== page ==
Marketing is earning visibility and trust, and the easiest way to earn visibility is to latch onto a platform right before it explodes in popularity.
A platform can be:
- A business process framework (i.e., EOS, 3HAG, Six Sigma, Agile, Lean, TDD)
- A programming language (i.e., Python, Ruby, C#)
- A software framework (i.e., React, VueJS, Laravel)
- An actual platform you can build stuff on (i.e., AWS, Linux, Windows, Salesforce, Drupal, WordPress)
(Platforms can also be a way to get a message to an audience, but that’s not the kind of platform I’m talking about here.)
A platform is a “thing”; it is often but not always a product that lots of businesses use and need help understanding, planning for, implementing, operating, extending, supporting, fixing, optimizing, and upgrading.
The platform is also a thing that you can stand on and use to earn visibility. It is infrastructure that lifts you above the crowd and makes you more visible.
Before the platform explodes in popularity, it needs help from people like us. It needs more documentation, best practices, risk-taking implementors, and educator-advocates than it has. So when an indie consultant shows up to contribute any of that stuff (which we happily do because that stuff generates opportunity for us), the platform amplifies our efforts.
During these early days, it’s a beautiful win-win for everybody.
When the platform’s growth curve starts to level off, things change. The king gets hungry, and the following happens:
- The supply side of the consulting services market gets bigger and includes more choices across a wider variety of price points.
- Many of the early-stage unknowns have been resolved through the best practices that the platform’s early adopter indie consultants charged early adopter customers a premium to figure out.
- Expensive custom integrations have been standardized and commoditized.
- The platform owner often starts to change its competitive posture and seeks to own or monetize more of the platform ecosystem through:
- Vertical integration, by adding a services division that competes against suppliers in the ecosystem, or doing stuff like EOS did with franchising requirements.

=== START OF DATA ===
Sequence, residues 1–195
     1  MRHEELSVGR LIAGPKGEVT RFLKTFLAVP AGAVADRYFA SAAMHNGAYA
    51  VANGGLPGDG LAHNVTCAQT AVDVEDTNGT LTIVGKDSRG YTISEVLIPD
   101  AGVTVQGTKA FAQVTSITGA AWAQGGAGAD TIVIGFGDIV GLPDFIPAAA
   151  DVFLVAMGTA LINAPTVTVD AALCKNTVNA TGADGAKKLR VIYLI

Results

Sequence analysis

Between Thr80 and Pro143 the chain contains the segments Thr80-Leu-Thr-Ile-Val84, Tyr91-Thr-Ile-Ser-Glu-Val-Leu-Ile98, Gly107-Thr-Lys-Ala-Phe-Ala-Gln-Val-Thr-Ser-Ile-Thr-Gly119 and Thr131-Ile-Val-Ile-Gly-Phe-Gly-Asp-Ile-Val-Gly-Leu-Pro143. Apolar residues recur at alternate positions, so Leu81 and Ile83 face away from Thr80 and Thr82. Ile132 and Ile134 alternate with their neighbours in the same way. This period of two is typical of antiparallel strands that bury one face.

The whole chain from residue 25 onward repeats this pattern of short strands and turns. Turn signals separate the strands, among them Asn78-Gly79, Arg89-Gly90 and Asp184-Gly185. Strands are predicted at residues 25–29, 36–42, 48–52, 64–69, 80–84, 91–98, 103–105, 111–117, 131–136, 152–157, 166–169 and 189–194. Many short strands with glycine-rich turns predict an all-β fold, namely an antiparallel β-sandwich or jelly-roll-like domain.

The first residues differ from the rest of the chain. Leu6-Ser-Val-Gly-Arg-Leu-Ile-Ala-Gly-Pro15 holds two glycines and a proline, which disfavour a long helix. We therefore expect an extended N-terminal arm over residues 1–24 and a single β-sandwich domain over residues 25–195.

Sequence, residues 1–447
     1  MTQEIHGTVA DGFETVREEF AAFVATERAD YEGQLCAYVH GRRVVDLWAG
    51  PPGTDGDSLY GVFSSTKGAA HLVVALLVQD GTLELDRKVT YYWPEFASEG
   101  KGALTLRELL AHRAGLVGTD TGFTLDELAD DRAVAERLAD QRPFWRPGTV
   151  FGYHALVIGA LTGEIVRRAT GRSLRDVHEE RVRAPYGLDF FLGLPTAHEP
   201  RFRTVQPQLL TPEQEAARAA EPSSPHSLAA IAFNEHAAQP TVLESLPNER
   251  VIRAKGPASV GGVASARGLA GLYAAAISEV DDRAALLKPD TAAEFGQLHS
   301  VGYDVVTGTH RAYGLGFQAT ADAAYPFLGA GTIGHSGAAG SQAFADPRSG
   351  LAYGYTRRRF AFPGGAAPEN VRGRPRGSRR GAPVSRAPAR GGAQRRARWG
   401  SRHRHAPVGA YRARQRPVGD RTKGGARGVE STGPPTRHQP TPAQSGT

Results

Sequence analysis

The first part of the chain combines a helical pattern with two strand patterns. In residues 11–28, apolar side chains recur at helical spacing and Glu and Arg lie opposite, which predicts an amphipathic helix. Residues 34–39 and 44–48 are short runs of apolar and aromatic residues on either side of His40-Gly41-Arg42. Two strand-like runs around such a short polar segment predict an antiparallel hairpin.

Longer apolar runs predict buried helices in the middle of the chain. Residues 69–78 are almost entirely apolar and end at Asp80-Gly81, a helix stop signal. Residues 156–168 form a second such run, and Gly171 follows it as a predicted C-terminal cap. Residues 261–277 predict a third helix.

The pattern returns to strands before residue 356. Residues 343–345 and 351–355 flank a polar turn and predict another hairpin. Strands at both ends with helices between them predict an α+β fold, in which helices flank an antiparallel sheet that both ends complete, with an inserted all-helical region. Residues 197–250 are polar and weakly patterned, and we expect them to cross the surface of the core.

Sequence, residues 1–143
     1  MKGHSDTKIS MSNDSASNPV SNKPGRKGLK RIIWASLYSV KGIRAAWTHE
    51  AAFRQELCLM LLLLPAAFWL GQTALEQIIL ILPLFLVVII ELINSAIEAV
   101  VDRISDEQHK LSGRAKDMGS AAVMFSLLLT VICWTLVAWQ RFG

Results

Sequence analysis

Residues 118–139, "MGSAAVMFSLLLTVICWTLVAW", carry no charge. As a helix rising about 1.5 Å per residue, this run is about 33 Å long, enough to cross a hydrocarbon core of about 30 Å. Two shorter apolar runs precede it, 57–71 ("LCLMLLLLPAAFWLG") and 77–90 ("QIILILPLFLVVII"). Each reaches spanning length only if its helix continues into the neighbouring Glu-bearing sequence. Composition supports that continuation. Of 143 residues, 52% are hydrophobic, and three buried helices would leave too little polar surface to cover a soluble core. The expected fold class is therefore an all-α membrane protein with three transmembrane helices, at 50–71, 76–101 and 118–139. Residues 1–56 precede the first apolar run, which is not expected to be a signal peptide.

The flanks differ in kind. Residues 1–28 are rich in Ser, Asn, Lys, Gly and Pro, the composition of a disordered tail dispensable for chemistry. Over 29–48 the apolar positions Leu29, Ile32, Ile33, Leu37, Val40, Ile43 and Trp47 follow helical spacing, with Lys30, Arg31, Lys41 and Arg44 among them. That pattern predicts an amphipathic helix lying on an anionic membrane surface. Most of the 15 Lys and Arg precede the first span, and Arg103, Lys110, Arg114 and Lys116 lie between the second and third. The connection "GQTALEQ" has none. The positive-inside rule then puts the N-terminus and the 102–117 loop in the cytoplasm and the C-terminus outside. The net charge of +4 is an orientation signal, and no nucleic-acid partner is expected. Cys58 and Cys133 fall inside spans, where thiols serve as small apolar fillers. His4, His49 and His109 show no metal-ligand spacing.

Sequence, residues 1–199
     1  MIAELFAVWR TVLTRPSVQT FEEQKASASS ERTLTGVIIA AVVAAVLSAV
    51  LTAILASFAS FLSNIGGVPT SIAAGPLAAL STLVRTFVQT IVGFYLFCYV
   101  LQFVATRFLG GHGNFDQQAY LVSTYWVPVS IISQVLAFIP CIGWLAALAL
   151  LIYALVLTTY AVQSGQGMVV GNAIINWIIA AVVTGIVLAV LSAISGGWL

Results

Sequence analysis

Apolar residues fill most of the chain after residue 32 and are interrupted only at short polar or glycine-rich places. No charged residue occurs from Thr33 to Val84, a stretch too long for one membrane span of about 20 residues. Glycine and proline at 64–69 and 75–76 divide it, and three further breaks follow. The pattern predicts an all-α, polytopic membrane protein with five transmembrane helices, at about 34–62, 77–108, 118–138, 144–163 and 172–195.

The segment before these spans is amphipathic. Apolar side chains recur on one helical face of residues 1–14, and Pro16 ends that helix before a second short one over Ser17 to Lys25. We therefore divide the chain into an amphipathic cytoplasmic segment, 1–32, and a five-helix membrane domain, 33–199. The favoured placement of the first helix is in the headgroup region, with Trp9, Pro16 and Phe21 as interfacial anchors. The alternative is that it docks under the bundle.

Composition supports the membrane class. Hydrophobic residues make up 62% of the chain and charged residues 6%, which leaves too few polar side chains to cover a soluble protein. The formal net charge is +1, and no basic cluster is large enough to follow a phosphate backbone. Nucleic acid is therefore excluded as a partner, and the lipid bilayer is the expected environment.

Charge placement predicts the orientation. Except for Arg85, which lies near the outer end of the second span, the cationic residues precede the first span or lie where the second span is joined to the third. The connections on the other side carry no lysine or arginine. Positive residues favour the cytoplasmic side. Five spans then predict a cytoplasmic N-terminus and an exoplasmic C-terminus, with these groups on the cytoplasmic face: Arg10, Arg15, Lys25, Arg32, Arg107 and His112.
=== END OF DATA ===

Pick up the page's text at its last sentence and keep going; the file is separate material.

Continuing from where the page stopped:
- Bigger more enterprise-ey clients, and raising the bar for partners (“Pffft! We can talk about gold partner status when you’ve brought us five $50K projects…”).
- Pure rent-seeking stuff that pisses off customers and weakens the customer segment that you, an indie consultant, depend on. Ex: shuffling features into higher price tiers.
If you’re a consultant who used that early win-win dynamic offered by a platform to earn visibility, you’ll find that the game has changed. You’ll face pressure to evolve from an innovative (figure-shit-out) business to an efficient business (produce quality at scale and low cost).
This kind of evolution may be a natural part of your business evolution, or it may be an impossible transition that forces you to reconfigure your business around a different platform or no platform at all. The best outcomes I’ve seen fit these two patterns:
- Business naturally grows into a midsized agency model, naturally builds up project delivery rigor and cost efficiency as part of that growth, and so is not unsuited to operating as a
produce quality at scale and low costbusiness.
- The business leverages content and digital products more heavily than services and is able to sell the content/product business to a bigger player in the platform ecosystem, which funds ~2 years of runway that enables a less painful transition out of the platform ecosystem.
This is the risk of using a platform to earn visibility. During the later stages of the platform’s lifecycle, it will probably seek to commoditize its complements. No matter how helpful you were to the platform early on, you will become one of its complements.
None of this is personal. It’s just how platform ecosystems tend to evolve and how commoditization — which is a powerful semi-natural force in the same way that compounding interest is — progresses over time.
This is the kind of strategic thinking I’m trying to help readers of The Positioning Manual for Indie Consultants learn how to do as they make their decision about how to specialize.
If you’ve already read enough of the book to have an opinion on it, I’d very much appreciate you leaving a review for it on Amazon.
To leave a review, search for The Positioning Manual in the Amazon search bar, click on the book in the search results, scroll down to the “Write a customer review” button, and then leave an honest review.
And if you haven’t picked up a copy of the book yet, you can do so here: http://thepositioningmanual.com